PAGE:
The ginkgo can be trained using wires all year round and the branches are quite flexible. The bark however is very delicate, and it is recommended to wire with care and check that the wires do not bite in which will leave scarring. We recommend using wires with a thickness that matches the thickness of the branch: if the wire you choose is too thick you will damage the bark. If it is too thin, it won’t be effective. Ginkgos are usually styled into the flame shape which suits its natural form the best and requires minimal wiring.

Repotting your tree is an important way to provide a fresh and suitable soil mix and ensure appropriate root health. Repot in early spring. Generally, your ginkgo will need to be re-potted once every year if it is young, while older ones can stay in their pots for longer. However, you should always check if it has become root-bound before you change pots. You can do this by lifting the tree gently out of the pot by the main trunk and examining the root system. You will know it is ready if you can see that the roots are circling around each other and the pot. If, however, they still appear contained in the soil, you should place it back and wait until the following spring to check again.  

Trees that are ready for repotting will require root pruning, a suitable new pot and appropriate soil mix.

When repotting, do not cut back the root mass by a large amount, and choose a well-draining soil mix that has a neutral or slightly higher PH value of 5-6 but not over 7. We tend to use a mixture of different speciality bonsai soils on our trees. Every species is different so please contact us for free soil-mix advice or to take advantage of our repotting service.

Bonsai trees aren’t only magnificent additions to an indoor oasis, they are more than capable of standing out in any garden. Many Bonsai species are incredibly hardy and withstand nature’s colder and damper turns with aplomb making them worthwhile outdoor plants. We have an extensive library of care guides for outdoor bonsai trees. It’s not about selecting the perfect bonsai, it’s about selecting the perfect bonsai for you.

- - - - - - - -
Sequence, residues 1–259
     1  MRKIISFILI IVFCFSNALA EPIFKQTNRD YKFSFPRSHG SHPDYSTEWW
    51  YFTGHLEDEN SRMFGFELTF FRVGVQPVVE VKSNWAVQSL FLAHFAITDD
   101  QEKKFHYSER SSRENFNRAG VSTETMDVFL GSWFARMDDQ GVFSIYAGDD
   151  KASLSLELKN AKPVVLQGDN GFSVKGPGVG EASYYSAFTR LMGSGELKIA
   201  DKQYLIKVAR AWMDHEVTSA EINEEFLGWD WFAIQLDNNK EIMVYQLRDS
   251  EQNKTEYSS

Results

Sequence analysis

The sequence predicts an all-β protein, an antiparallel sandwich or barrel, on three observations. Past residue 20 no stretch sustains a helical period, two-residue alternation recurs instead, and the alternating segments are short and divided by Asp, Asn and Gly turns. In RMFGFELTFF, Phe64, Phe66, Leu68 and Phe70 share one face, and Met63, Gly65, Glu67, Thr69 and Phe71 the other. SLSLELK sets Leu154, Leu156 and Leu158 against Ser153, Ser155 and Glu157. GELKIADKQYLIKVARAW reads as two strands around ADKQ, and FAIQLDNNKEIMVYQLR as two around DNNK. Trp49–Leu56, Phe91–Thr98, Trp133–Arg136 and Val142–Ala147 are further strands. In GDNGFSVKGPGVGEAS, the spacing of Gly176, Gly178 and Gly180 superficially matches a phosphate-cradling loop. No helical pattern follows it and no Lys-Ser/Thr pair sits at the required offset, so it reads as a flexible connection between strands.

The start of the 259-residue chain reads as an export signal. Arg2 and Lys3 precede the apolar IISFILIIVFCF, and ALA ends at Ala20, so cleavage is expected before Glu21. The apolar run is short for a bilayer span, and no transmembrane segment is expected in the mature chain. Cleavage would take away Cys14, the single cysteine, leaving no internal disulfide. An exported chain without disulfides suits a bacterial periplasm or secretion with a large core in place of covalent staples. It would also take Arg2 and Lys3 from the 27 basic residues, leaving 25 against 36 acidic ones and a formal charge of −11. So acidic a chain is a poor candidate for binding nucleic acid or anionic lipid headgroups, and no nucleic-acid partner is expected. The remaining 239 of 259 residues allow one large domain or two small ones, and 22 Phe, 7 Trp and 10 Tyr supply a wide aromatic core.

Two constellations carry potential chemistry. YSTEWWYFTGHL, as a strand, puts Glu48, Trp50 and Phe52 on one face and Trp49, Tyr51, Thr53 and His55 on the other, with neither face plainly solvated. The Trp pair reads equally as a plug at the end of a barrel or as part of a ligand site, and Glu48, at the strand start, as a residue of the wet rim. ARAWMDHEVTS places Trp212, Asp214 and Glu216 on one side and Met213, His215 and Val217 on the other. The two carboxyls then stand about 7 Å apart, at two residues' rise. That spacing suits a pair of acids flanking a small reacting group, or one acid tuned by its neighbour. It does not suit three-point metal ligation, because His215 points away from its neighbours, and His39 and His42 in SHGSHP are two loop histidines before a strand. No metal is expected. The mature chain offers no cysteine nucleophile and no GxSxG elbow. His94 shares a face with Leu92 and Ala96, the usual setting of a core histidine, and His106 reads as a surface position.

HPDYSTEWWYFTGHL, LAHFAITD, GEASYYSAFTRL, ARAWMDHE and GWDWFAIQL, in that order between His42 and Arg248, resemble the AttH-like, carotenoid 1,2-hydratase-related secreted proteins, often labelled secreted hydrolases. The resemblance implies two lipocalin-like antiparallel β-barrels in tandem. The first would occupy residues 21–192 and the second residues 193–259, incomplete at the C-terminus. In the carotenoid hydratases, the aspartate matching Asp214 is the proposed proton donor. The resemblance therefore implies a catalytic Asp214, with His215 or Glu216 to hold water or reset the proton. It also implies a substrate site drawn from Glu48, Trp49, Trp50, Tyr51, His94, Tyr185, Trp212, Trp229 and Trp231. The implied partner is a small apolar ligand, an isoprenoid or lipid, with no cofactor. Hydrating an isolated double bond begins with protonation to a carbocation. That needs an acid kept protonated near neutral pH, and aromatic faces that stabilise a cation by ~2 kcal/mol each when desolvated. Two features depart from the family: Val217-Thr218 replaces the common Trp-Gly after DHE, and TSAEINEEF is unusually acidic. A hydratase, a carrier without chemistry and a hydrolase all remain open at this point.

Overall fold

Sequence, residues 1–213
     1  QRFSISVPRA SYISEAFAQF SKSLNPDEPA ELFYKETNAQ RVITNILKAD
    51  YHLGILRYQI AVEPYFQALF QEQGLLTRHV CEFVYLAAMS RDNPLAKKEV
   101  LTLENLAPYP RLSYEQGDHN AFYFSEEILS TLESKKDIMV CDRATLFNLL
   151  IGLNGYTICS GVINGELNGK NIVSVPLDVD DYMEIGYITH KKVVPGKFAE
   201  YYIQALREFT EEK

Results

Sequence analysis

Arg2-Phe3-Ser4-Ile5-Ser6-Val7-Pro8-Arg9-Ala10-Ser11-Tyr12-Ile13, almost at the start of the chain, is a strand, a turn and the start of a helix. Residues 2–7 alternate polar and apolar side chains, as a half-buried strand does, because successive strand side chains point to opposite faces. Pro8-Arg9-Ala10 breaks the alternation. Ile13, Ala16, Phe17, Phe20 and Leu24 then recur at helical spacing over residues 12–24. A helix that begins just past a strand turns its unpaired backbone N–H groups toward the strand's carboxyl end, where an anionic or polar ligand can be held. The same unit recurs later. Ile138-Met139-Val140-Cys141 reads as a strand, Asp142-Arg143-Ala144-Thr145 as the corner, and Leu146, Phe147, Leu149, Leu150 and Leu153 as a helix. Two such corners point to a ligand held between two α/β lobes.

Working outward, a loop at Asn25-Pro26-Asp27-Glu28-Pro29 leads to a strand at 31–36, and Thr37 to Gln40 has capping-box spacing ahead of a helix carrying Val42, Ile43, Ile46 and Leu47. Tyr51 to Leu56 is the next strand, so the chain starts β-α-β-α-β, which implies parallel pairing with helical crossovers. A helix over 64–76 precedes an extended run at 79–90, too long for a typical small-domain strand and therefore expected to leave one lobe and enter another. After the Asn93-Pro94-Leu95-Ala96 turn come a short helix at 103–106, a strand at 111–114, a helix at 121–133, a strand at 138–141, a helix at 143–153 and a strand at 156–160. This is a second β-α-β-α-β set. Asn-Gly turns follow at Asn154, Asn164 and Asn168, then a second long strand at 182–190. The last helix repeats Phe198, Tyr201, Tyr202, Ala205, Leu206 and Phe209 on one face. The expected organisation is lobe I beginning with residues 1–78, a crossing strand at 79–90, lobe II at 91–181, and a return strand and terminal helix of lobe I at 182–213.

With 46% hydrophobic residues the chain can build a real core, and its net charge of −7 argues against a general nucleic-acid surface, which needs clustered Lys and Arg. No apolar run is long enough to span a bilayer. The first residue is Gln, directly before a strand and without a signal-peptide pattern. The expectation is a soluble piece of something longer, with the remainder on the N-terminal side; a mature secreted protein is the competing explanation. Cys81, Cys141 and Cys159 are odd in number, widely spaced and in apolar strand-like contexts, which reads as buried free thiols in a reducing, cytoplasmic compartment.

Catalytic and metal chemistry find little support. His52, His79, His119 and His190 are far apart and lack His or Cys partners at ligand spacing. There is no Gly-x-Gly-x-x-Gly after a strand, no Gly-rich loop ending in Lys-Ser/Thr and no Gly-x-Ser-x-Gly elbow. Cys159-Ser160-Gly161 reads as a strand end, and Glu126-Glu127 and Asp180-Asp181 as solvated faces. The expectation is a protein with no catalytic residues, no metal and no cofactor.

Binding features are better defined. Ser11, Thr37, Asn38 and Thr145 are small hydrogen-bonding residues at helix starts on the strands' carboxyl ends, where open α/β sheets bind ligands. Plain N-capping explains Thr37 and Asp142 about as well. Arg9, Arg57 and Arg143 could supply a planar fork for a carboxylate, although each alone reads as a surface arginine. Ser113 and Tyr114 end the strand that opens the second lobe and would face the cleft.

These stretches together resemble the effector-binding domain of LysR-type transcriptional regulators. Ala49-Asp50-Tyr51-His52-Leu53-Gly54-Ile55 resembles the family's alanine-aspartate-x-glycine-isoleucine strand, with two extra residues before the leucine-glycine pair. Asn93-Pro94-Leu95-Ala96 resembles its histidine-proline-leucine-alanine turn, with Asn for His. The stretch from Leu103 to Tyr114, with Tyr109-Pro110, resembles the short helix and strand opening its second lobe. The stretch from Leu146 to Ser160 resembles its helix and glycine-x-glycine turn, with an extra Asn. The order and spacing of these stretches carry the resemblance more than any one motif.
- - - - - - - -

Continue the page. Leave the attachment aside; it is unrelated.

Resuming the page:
Ginkgo Bonsai - Typical Queries

Propagating a Ginkgo Bonsai can be done by seeds or cuttings. Seeds can be collected from mature trees in autumn, when the fruits fall to the ground. They need to be cleaned, stratified, and sown in a moist medium. Cuttings can be taken from healthy branches in summer, when the growth is vigorous. They need to be dipped in rooting hormone, planted in a moist medium, and kept in a warm and humid environment. Both methods require patience and care, as the germination and rooting rates are low.

Ginkgo Bonsai can live indoors, but they prefer outdoor conditions. They need at least six hours of direct sunlight per day, which can be hard to provide indoors. They also benefit from the natural changes of seasons, which stimulate their growth and dormancy cycles. If you want to keep your Ginkgo Bonsai indoors, you should place it near a bright window and supplement it with artificial lighting. You should also monitor the temperature, humidity, and ventilation, and avoid placing it near heat sources or drafts.

Ginkgo Bonsai trees are worth it if you appreciate their beauty, history, and symbolism. They are not easy to grow and maintain, but they can reward you with stunning foliage, longevity, and resilience. They are also considered to be symbols of hope, peace, and wisdom, as they have survived many challenges and changes throughout the ages. Ginkgo Bonsai trees are unique and valuable additions to any bonsai collection.